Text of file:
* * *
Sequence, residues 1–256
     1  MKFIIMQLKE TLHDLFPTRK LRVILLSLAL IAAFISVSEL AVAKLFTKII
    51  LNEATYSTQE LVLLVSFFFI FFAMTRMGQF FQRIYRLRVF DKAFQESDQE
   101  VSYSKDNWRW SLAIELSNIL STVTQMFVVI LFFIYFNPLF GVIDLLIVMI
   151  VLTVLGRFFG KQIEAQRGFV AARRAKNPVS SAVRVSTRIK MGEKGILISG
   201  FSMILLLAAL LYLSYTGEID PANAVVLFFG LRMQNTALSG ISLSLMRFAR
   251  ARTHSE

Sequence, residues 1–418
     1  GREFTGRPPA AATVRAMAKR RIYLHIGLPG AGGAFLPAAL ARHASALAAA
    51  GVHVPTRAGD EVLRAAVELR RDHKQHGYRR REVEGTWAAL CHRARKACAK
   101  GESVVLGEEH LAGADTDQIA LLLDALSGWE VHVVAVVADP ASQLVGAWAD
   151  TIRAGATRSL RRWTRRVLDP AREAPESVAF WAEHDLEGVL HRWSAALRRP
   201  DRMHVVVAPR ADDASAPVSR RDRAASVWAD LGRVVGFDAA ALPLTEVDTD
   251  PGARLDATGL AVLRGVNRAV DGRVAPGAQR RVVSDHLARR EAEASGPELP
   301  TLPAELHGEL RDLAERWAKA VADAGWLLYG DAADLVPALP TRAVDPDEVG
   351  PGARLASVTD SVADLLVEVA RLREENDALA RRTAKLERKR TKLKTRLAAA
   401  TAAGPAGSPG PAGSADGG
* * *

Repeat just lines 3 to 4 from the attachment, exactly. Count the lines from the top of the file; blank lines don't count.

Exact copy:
    51  LNEATYSTQE LVLLVSFFFI FFAMTRMGQF FQRIYRLRVF DKAFQESDQE
   101  VSYSKDNWRW SLAIELSNIL STVTQMFVVI LFFIYFNPLF GVIDLLIVMI